Posted by: Aaron Pressman on February 8, 2008
One thing was certain on almost every story I covered in the late 1990s as the Internet policy reporter for Reuters in Washington D.C. No matter what the controversy, the cable television industry would be on one side, led by Time Warner, and Internet companies would be lined up on the opposite side, invariably led by America Online. The very biggest dust-up was over “open access,” or the notion that the government should require cable companies to let other internet service providers access customers via their emerging broadband cable networks — just like the government required of the telephone companies. The fight was lengthy and bitter. But when Steve Case and Gerald Levin famously unveiled their almost $200 billion megamerger, it looked like the war was over. I even appeared on CNN with Judy Woodruff and said so. Oops.
Only later did we learn the shocking truth — Levin hadn’t shared the merger idea with most of his top managers and had done nothing to sell them on it. The very first move I expected, the death of Time Warner’s woeful RoadRunner ISP and the elevation of AOL as THE premier broadband service provider of the 21st century, never happened. Time Warner could then have pitched the model to other cable companies and spread high-speed AOL everywhere featuring TW content. Instead, inside AOL Time Warner, the two sides continued fighting and refusing to cooperate. All that great Time Warner content that could have helped AOL become a top destination for online video, all those AOL customers ready to make Time Warner content insanely popular online, all squandered. And now, eight years later, they’re dumping AOL’s dial-up service and HBO is just barely on the Internet.
So now comes Microsoft (Symbol: MSFT) CEO Steve Ballmer and his offer to buy Yahoo (YHOO). If Yahoo goes for the deal, the lesson for Ballmer is clear. Be ruthless in forcing managers to work together. Don’t let one faction torpedo another by keeping alive competing brands. Pick the winners and move on. Is Yahoo ahead in getting its services ready for mobile phones, including those running Microsoft’s operating system? Go with it. Take a very hard look at Yahoo’s Panama advertising platform and whatever Microsoft’s got cooking. Probably only room for one platform going forward, as Ballmer already alluded to in an interview with the Wall Street Journal. Maybe there are a few areas where you keep two competitors running, say Hotmail and Yahoo’s email, but not many otherwise you’re wasting resources and failing to take advantage of the scale you’ve created.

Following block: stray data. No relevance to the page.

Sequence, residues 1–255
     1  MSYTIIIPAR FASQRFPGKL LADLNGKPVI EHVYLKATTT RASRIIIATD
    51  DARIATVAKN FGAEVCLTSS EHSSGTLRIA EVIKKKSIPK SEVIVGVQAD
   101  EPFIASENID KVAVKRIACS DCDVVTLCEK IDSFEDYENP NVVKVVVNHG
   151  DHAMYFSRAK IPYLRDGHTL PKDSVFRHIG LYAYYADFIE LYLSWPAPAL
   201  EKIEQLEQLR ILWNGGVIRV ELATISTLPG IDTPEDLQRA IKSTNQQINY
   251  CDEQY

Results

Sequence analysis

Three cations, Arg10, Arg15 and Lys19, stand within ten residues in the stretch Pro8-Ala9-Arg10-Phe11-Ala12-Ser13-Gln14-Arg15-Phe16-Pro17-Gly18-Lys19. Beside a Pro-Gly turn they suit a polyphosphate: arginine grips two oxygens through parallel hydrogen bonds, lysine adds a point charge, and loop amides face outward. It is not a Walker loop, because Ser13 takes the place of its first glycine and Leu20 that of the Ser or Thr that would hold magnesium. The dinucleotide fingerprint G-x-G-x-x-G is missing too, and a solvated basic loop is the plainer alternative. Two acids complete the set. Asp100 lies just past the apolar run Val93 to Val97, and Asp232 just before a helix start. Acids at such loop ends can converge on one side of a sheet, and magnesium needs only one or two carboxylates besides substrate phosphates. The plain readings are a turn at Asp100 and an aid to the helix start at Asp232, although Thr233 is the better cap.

Which is not to say that Ballmer should hole up in Redmond issuing decrees. As Wharton Professor Larry Hrebiniak has said, the integration plan has to involve all of the top managers:
People will say, “Do it quickly, get it over with.” I think that you have to talk about what is done quickly and what takes a little longer, and lay out an implementation plan to execute the integration well, decide what should be integrated [and] how, and just get people involved in that discussion so you’re not pulling major surprises and driving people away.
To be sure, those aren’t the only challenges for such a mega-deal and other competitors may steal the day no matter how well the Yahooligans and the ‘Softies get along. But if Ballmer plays it smart, maybe the major surprise will be that the deal works after all…